Thursday, January 8, 2015

Let us not rest on our laurels

I’m on my way back from four days in Barbados, for the ninth and final workshop of the initial series of what is now Regions Refocus 2015. This Caribbean meeting was one of the best in a process bookended by small island states (with the Pacific meeting first, in June) with each meeting full of incredible people, good food, interesting side trips (Machu Picchu, for one), and truly interesting and productive meetings.

Let us not rest on our laurels, intoned the Barbadian representative of the Ministry of Finance during the opening of the regional workshop, upstairs in the cricket hall at University of the West Indies, Cave Hill. (The walls were decorated with the cream of the crop of Barbados’s cricket stars, black and white photographs of “the quintessentially elegant” King so-and-so, descriptors of the players’ prowess at batting and consistently sharp style. The IGDS professors wore ankara dresses and summarily dispatched the crispest moderation I have yet to witness -- informing us that no, the internet does not work, end of discussion.) And following that instruction, the workshop got right to the point. It tackling difficult issues (the narcotics industry, divisions between the women’s rights movement and that for LGBT rights) and innovative ones (a somewhat un-PC descriptor of the Caribbean’s comparative advantage in tourism, the business potential for regional expertise should the US completely legalize marijuana). Scholars and activists from a lot of sectors, ages, and countries came up with concrete proposals and energized plans for the way forward.

At lunch the first day, I had an interesting (and somewhat concerning) conversation with the head of the co-sponsoring institute at the university. I was telling her about our project, about some of the workshops we’ve co-organized and places we’ve gotten to go (nine regional meetings, eight sub-regions, nine months). Rather than asking about the project, she turned to me and said how incredible this must have been for me, and asked how it feels to travel the world learning about the negative effects of American policies on other places. I told her I feel very grateful (for the first part) and consistently disturbed (re: the second), and said I don’t know for sure, but I think I’ll probably end up working on American policy eventually. As an American, you’re only allowed to learn for so long before you have to go do try to something about it, I said. She agreed, with a slight nod of her intricately dreded head.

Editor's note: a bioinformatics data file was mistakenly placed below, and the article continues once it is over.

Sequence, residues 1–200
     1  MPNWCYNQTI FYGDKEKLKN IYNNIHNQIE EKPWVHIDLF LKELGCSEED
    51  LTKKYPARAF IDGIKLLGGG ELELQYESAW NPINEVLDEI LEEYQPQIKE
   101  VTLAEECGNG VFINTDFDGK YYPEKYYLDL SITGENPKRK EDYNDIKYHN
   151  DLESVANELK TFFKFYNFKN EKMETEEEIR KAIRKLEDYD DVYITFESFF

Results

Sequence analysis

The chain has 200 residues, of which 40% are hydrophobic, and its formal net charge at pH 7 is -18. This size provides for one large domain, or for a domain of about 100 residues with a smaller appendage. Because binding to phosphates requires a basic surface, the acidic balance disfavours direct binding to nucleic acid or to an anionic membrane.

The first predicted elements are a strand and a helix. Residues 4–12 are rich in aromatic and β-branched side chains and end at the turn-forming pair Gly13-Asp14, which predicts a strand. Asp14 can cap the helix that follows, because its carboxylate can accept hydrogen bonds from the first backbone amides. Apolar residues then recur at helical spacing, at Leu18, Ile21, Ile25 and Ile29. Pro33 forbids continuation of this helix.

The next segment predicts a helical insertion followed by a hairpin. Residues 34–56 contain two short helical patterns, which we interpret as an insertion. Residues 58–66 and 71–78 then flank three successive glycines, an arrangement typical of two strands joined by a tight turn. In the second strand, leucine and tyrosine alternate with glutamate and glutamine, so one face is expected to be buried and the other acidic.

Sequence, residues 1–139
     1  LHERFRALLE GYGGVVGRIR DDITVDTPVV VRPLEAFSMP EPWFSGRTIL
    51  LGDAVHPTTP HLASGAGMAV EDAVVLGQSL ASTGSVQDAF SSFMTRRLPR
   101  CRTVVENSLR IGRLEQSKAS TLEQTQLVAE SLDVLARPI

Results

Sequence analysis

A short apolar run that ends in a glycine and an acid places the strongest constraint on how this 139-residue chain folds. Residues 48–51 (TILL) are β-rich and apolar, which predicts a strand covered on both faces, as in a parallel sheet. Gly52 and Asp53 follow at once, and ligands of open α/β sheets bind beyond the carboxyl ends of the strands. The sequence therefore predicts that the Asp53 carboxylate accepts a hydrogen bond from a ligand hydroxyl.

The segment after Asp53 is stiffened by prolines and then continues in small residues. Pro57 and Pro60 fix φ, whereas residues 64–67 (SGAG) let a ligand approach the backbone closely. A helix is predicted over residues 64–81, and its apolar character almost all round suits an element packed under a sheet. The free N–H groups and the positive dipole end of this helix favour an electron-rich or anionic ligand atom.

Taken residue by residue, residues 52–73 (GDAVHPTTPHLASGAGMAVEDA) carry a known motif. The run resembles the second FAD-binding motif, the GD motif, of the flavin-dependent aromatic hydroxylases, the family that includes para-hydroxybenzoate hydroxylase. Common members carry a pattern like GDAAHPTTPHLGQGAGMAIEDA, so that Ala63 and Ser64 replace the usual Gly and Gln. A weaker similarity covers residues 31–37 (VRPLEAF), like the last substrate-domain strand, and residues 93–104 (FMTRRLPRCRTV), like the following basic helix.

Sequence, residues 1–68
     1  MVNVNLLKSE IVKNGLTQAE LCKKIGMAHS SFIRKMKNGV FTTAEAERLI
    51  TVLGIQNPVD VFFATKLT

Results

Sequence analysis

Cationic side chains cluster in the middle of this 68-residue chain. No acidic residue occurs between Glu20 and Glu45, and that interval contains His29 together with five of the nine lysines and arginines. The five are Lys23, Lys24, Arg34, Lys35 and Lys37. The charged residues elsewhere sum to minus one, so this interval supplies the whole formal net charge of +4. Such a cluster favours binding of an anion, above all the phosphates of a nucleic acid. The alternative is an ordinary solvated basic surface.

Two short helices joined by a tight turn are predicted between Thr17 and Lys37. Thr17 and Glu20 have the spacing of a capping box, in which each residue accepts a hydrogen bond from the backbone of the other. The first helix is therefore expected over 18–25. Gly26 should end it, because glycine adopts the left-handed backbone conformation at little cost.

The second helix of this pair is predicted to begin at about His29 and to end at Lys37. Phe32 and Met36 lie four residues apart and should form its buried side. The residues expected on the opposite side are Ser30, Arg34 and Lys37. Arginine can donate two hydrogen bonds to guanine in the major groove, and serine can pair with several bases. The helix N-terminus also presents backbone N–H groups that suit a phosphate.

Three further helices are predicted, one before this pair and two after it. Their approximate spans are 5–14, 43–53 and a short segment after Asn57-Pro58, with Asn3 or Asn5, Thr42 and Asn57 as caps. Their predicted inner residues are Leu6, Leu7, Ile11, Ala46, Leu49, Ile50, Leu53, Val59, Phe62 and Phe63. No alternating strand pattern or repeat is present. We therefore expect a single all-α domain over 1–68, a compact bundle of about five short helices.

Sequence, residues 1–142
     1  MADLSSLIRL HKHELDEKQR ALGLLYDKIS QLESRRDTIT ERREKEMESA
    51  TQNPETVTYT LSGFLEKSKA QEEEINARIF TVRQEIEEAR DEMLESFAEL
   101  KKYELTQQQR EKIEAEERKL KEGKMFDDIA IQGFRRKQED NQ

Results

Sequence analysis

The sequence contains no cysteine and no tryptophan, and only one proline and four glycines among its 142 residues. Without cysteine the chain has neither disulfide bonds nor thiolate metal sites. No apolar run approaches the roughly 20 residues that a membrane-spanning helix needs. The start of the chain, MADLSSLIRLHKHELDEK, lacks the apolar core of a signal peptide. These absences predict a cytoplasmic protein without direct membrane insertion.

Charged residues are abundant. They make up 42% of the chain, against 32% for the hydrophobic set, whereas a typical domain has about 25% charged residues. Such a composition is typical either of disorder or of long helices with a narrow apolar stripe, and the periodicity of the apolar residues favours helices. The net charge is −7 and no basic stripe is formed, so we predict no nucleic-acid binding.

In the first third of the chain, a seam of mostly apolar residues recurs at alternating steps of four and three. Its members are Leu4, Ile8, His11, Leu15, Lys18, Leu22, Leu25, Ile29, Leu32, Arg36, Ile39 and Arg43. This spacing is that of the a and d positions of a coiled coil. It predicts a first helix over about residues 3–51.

So, I’m incredibly proud of our project and of having helped to start it, thrilled about where it’s going and where it might take me, and gearing up for a whole lot of work to launch the first phase and continue with the second. But as Chris, our bespectacled taxi driver, responded while being grilled by one of the most impressive and intimidating participants, ideas are the number one thing that’s missing in the leadership of Barbados and the region. Our project is contributing to amending that deficit, at the global level. I’m contributing some of it, especially in the report and in the planning of phase II. But let me not rest on my laurels either, in terms of my own responsibilities and in outlining my career. We may have lay on the beach this trip, but our laptops sat squarely in our laps.

Friday, January 2, 2015

The Barbara Paper Is Finished (Confronting Development, published by Rosa Luxemburg Stiftung)

I spent most of the past five months working on this paper with Barbara Adams, analyzing the SDGs. It's finally finished, and published! 


In the year 2000, the world’s leaders assembled at the Millennium Summit to affirm their commitment to an ambitious development agenda, later distilled into eight “Millennium Development Goals” (MDGs). The summit famously called, among other demands, for concrete and time-bound action to eradicate extreme poverty. Criticized from the outset for being crafted without broad consultation, for an excessive focus on “measurable,” quantitative goals, and for lack of accountability—especially for rich countries—the MDGs’ accomplishments have been dubious and uneven. As the MDGs’ expiration approaches in September 2015, their failure is unavoidable.
With this deadline approaching, the United Nations are presently considering what the world’s development agenda should be post-2015. In September, two distinct UN processes—the Open Working Group and the Intergovernmental Committee of Experts on Sustainable Development Financing—are expected to converge in the 2015 Global Summit. These processes have been the fulcrums so far of efforts to shape the future agenda. They have benefited from wide-ranging substantive contributions and expertise, and have also generated diverse approaches to participation and engagement.
These parallel processes are taking place in a broader context defined by the Millennium Development Agenda, 2012’s Rio+20 United Nations Conference on Sustainable Development, and the Financing for Development conferences. As the MDGs give way to the Sustainable Development Goals (SDGs), it is necessary to ask, what is it that makes them sustainable? Who are the main actors shaping the goals, and what are their main interests? What role do business interests play, and what opportunities exist for member states, civil society, social movements, and others to shape these goals?